FEB 27, 2018 08:45 AM PST

Bacteria Seen Stealing Resistance Genes During Combat

WRITTEN BY: Carmen Leitch

Scientists at the University of California San Diego Center for Microbiome Innovation have figured out one way that an important bacterium gains resistance to antibiotics. They have used their work to create a model that can predict the conditions that help the resistance to spread as well. The research establishes a paradigm for investigating, measuring and potentially, fighting the rise of antibiotic-resistant superbugs. The data has been reported in the open-access journal eLife.

A screenshot of movies captured by UCSD researchers that observed horizontal gene transfer. / Credit: eLife/Cooper et al

Researchers are trying to learn more about pathogens that are able to evade drug treatment, and these dangerous microbes are becoming a significant threat to public health. The Acinetobacter species of microorganisms are among the most severe resistant pathogens; the bacteria love to grow in hospitals and easily pick up genes that provide them with drug resistance through a mechanism called horizontal gene transfer. 

"Most of the threat posed by Acinetobacter stems from its ability to acquire drug resistance via horizontal gene transfer (HGT)," said the senior author of the report, Jeff Hasty, professor of biology and bioengineering at UC San Diego.

Bacteria can exchange genetic material using HGT, and the Acinetobacter species can do so very well. That makes them excellent at gaining resistance to drug treatments. HGT had not been seen directly in Acinetobacter species, but serendipitously, the investigators did so.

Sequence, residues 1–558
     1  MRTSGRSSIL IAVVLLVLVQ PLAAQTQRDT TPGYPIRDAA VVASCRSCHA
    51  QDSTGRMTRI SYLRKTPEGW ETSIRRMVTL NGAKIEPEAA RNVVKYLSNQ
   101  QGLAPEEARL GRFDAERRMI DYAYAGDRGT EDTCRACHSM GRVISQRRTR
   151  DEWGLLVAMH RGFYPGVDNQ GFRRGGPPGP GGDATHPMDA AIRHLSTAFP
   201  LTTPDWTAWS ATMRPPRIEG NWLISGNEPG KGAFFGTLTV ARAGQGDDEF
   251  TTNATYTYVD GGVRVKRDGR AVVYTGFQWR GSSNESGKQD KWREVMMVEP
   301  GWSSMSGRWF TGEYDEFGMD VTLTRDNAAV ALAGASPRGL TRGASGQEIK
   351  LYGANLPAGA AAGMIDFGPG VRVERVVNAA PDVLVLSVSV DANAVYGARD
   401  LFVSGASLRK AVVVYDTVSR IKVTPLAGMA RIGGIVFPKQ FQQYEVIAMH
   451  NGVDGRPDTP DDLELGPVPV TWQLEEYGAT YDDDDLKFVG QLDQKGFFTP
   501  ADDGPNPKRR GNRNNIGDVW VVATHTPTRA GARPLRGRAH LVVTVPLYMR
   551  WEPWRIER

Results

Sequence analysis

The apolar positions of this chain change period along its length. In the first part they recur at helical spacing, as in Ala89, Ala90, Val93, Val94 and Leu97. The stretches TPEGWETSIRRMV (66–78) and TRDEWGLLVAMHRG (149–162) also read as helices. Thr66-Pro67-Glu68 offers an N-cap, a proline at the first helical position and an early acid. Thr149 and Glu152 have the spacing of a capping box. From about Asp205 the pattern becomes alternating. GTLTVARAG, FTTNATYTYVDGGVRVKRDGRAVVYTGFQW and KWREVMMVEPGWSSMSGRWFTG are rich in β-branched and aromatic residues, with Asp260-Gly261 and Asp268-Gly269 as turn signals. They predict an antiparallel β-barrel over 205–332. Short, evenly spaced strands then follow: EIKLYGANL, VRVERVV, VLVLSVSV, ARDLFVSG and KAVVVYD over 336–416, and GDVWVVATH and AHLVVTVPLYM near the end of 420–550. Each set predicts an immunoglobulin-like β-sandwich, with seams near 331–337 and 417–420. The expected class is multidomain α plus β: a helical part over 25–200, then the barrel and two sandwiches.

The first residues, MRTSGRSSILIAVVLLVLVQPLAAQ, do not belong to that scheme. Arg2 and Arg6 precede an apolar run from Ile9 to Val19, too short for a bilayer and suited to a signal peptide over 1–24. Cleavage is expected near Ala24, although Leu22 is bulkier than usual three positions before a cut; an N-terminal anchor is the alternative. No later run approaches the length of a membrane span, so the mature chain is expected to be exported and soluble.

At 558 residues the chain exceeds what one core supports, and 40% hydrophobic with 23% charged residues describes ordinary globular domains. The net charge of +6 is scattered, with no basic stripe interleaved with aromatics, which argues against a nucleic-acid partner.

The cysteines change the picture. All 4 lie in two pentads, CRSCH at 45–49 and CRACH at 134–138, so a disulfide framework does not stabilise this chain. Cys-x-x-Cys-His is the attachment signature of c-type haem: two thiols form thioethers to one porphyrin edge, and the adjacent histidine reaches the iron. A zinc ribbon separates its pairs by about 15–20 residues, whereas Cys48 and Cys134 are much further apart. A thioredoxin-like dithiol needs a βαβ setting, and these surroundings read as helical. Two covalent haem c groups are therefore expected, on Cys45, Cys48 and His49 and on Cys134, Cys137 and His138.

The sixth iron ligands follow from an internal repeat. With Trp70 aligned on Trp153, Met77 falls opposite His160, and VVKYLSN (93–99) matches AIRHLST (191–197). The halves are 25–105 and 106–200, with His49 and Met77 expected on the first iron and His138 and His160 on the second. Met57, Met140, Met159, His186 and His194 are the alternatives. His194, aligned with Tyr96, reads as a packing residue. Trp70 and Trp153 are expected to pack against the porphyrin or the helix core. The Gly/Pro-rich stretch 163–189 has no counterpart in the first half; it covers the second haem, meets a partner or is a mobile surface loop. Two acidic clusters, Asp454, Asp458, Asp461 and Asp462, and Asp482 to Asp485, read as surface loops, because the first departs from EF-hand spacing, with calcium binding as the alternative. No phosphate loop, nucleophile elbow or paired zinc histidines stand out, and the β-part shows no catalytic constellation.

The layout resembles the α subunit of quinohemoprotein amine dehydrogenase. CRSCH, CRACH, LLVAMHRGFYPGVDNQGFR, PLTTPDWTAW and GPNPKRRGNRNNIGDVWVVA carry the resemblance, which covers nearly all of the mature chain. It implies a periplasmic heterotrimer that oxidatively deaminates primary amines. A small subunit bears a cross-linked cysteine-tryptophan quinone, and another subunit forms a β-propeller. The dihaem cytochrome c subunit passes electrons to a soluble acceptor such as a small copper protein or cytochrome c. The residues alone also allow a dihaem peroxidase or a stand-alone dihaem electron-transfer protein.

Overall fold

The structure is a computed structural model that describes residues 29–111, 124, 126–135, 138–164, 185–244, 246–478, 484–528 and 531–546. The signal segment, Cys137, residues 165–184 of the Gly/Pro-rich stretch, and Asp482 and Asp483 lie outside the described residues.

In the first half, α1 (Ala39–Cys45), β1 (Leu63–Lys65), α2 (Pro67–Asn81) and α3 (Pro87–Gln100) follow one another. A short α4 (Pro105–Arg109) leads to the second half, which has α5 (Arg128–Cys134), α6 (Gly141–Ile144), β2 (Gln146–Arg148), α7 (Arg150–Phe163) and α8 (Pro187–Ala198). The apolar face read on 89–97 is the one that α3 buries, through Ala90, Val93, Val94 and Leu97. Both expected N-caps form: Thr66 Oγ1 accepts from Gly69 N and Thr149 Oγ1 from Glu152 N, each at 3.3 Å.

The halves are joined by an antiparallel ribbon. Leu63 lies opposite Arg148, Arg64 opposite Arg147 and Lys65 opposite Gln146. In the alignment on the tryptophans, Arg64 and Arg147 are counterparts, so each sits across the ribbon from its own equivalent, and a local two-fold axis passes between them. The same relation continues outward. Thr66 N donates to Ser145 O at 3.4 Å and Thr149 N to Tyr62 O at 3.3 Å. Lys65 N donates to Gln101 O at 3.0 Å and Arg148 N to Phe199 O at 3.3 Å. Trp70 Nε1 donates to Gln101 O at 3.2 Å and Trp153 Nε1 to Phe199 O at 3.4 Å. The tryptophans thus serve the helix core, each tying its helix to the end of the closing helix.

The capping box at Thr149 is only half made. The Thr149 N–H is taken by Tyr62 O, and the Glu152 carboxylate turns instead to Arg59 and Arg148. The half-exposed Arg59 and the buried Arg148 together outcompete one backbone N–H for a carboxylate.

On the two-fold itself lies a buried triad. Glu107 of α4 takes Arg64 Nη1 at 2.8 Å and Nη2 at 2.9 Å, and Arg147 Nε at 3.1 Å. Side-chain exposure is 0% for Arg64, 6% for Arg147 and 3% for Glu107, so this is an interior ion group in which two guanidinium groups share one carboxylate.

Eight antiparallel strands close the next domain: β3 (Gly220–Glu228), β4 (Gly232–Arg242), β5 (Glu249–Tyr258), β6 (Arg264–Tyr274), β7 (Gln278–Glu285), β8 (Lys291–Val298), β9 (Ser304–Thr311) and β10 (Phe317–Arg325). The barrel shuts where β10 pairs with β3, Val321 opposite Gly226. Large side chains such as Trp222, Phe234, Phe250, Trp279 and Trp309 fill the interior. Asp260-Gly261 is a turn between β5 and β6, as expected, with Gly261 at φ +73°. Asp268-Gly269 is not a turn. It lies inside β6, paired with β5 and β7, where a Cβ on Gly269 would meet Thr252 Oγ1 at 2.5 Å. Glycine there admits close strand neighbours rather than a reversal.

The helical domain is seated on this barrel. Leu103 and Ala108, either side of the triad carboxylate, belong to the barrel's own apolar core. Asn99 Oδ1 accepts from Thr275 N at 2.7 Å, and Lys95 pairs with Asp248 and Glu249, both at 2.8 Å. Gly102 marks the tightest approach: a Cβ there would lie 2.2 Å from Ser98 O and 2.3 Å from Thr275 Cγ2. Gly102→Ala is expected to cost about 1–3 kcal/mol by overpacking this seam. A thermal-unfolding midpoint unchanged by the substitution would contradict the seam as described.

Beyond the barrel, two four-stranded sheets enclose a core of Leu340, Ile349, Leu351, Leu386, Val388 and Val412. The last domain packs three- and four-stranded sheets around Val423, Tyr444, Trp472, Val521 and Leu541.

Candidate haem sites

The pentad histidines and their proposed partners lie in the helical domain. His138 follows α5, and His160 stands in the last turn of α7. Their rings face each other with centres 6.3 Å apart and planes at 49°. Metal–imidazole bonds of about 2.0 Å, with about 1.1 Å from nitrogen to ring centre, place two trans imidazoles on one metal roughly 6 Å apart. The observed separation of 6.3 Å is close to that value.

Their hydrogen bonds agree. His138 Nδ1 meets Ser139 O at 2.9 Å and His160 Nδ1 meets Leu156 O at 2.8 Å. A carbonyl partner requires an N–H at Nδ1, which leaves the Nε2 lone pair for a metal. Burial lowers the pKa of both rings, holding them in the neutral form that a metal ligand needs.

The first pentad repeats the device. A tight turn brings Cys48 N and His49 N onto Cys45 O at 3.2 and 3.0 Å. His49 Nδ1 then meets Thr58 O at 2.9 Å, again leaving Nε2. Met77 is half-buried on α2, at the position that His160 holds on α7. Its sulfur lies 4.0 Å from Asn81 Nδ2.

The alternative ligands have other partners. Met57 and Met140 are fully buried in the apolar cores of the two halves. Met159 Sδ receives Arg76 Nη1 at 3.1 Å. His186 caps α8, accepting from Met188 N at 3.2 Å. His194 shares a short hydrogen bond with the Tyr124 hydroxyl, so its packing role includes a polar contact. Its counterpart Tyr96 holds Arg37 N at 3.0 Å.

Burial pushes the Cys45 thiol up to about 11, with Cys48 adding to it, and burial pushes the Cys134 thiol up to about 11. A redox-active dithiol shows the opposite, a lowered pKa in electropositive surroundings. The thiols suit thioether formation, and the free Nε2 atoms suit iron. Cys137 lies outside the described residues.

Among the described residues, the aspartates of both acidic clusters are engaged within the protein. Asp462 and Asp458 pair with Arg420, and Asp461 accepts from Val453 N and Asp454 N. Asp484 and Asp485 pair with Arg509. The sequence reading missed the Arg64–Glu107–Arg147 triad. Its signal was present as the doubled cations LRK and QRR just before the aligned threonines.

Robert Cooper started his postdoctoral work in the Hasty lab trying to use algae and bacteria to produce biofuels.

"I was looking for a side project and remembered reading about 'predator' Acinetobacter bacteria that engage in hand-to-hand combat to kill their prey," explained Cooper. "They do so by extruding something analogous to a poison-tipped dagger, and stabbing neighboring cells."

Cooper was intrigued, so he acquired some predatory bacteria, then grew them adjacent to E. coli cells that acted as a prey. Each was given a fluorescent protein; the predators got red, and the prey got green so they could easily be distinguished from one another in movies of their activity. Indeed, the bacterial predator killed its E. coli prey as expected, but then the predators began to glow green!

The video shows cells growing inside a tiny chamber. Each oval is one bacterium.

Cooper's research then took a new turn. After attaching a green fluorescent protein to a gene that confers antibiotic resistance, he could see that when Acinetobacter killed its prey, it took up the green gene, and also acquired the antibiotic resistance gene, which it incorporated into its genome. The video illustrates the process. A colony of drug-resistant Acinetobacter was born.

Next, a model was created by Cooper to predict how many prey cells would be destroyed, and how many predator cells would then gain the antibiotic resistance gene under various conditions.

"The model predicts the efficiency of uptake and incorporation of the antibiotic resistance gene," said Cooper. "We hope that it will be useful for determining the conditions under which antibiotic resistance might spread, which could help us focus on the most important areas for prevention."

Sources: Phys.org via UCSD, eLife

 

About the Author
  • Experienced research scientist and technical expert with authorships on 28 peer-reviewed publications, traveler to over 60 countries, published photographer and internationally-exhibited painter, volunteer trained in disaster-response, CPR and DV counseling.
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